It was not made very clear how one could arrive at such a construction. It appeared to be based on the suggestion that the power to promulgate an Ordinance under Section 72 was by the section confined to the existence of an emergency, of; the words in the sub-section 'in cease of emergency', and that the Act was intituled an Act to-make emergency provision with respect to the Government of India and Burma and defined the period of emergency.
Unless, therefore, the construction contended for by the appellants was accepted no period would be provided for the continuance of these Ordinances, and that could not have been the intention of the legislature, as the ordinance-making power of the Governor-General was recognised as temporary only.
In our opinion, the emergency on the happening of which an Ordinance can be promulgated is separate and distinct from and must not he confused with the emergency which occasioned the passing of the Act and the clear effect of the words of the Act on Section 72 is that Ordinances promulgated under that sub-section during the period specified in Section 3 of the Act are subject to no time-limit as regards their existence and validity, unless imposed by the Ordinances themselves, or other amending or repealing legislation, whether by Ordinance or otherwise.'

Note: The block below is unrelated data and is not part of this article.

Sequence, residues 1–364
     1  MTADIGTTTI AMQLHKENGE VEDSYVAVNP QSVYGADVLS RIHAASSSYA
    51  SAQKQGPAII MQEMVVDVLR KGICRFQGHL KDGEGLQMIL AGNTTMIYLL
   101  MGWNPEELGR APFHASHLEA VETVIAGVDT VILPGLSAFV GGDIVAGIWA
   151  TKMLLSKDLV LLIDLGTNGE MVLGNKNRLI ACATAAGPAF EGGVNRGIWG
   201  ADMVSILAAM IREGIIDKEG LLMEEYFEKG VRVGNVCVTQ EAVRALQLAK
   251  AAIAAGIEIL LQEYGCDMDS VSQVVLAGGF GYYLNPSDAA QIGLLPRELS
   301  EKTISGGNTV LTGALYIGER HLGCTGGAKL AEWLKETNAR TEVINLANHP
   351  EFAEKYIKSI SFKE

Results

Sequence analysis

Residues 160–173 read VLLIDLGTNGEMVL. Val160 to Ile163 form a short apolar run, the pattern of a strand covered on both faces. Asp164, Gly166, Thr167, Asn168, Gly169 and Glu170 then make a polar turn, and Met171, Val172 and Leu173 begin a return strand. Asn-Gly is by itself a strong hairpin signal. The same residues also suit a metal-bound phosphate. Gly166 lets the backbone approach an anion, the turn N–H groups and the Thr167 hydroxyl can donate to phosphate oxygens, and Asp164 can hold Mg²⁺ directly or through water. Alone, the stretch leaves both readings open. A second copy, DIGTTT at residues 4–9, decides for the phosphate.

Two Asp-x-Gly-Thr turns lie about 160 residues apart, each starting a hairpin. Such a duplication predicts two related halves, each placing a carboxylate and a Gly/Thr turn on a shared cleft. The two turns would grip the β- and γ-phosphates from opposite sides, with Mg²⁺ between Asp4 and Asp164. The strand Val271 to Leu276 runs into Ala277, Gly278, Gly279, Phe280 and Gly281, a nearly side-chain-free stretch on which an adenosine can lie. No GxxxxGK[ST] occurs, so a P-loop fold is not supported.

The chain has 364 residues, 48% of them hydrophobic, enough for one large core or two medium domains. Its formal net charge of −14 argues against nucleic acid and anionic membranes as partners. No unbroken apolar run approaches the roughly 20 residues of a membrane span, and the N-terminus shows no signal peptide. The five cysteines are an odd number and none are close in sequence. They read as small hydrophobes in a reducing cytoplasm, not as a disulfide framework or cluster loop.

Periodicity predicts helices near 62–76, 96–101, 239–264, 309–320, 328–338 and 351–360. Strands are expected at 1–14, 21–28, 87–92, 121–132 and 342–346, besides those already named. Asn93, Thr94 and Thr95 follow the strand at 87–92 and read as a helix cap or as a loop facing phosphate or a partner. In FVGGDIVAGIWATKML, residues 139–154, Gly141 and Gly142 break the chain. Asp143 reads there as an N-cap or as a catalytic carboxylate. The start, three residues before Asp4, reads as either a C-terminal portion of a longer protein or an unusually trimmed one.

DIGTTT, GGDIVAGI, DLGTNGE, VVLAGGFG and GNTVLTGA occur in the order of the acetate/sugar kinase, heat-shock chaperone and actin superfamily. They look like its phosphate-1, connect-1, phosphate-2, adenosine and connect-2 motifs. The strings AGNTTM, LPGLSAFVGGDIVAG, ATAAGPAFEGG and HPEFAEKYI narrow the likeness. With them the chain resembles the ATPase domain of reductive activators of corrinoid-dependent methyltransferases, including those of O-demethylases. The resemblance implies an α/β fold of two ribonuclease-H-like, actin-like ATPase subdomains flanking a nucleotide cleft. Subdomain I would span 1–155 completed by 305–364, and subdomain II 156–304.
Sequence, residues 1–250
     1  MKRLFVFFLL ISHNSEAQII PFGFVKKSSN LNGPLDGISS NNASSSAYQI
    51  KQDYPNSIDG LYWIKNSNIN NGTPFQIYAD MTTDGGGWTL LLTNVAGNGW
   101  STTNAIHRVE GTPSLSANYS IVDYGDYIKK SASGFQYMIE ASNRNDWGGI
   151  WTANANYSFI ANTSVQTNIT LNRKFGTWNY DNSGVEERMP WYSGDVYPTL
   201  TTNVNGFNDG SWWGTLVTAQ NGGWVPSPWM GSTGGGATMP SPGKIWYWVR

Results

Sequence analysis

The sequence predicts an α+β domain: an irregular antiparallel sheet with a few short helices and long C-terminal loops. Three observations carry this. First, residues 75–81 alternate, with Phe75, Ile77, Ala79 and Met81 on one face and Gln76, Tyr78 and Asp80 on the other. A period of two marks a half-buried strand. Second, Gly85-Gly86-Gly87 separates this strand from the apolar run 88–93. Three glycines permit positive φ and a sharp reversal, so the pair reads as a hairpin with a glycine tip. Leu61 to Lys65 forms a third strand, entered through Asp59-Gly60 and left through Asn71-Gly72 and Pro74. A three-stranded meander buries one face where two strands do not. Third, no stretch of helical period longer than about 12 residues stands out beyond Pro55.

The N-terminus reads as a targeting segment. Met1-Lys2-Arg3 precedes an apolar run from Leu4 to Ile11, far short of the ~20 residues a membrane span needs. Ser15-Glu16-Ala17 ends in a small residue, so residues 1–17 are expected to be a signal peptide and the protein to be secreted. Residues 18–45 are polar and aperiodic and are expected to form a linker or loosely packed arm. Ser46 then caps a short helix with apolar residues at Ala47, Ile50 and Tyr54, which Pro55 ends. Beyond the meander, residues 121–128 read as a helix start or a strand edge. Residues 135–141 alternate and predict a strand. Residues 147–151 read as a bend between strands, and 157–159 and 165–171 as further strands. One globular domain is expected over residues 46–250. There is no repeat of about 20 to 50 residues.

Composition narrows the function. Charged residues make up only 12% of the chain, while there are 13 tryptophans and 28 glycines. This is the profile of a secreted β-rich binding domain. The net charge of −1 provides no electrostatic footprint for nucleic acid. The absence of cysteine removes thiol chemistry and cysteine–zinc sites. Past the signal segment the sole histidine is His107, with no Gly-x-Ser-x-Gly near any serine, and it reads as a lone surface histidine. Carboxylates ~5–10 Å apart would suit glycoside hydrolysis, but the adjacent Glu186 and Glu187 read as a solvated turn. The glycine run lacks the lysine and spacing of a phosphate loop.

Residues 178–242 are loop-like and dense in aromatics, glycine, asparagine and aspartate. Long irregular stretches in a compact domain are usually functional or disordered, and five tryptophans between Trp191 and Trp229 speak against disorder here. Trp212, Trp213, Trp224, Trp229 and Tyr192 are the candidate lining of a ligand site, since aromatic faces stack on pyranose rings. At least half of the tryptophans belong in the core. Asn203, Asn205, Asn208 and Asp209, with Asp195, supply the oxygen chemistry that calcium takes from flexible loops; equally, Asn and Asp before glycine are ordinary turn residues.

4. The Ordinance in question, namely, The Railway Stores (Unlawful Possession) Ordinance, was promulgated in 1944 in exercise of the powers conferred by Section 72, as amended by India and Burma (Emergency Provisions) Act, 1940. Accordingly the life of the Ordinance was without limit of time. In our view, the Ordinance did not cease to exist by reason of the expiration on 1-4-1946, of the period specified in Section 3 of the British Act of Parliament concerned. The view taken by the Federal Court as to the effect of Section 72 as amended by the British Parliament in 1940 was repeated by Chakravartti, C. J. in -- 'Edward Ezra v. The State', : AIR1953Cal263 .
5. Thus, Ordinance 19 of 1944 continued to be alive till the date of the Indian Independence Act, 1947. Sub-section (3) of Section 18, Indian Independence Act provided as follows:
'Save as otherwise expressly provided in this Act, the law of British India and of the several parts thereof existing immediately before the appointed day shall, so far as applicable and with the necessary adaptations, continue as the law of each of the new Dominions and the several parts thereof until other provision is made by laws of the Legislature of the Dominion in question or by any other Legislature or other authority having power in that behalf.'
The result was undoubtedly to attract Ordinance 19 of 1944 as part of the law of the land, subject to The India (Adaptation of Existing Indian Laws) Order, 1947. Then came the Constitution of India, Article 372 whereof provided for the continuance in force of existing laws and for their adaptation. By reason of Article 372 of the Constitution and the Adaptation of Laws Order, 1950, Ordinance 19 of 1944 with but a verbal modification has continued to be and is still in force.
6. For the reasons stated, it would follow that Ordinance 19 of 1944 has at all material times been, as it still is, a valid piece of legislation. Wet consider this to be a sufficient answer to the first two questions formulated by the learned Presidency Magistrate. The trial of the case must now proceed in accordance with law.
7. This judgment will govern the other two references Nos. 5 and 6 also.
Renupada Mukherjee, J.
8. I agree.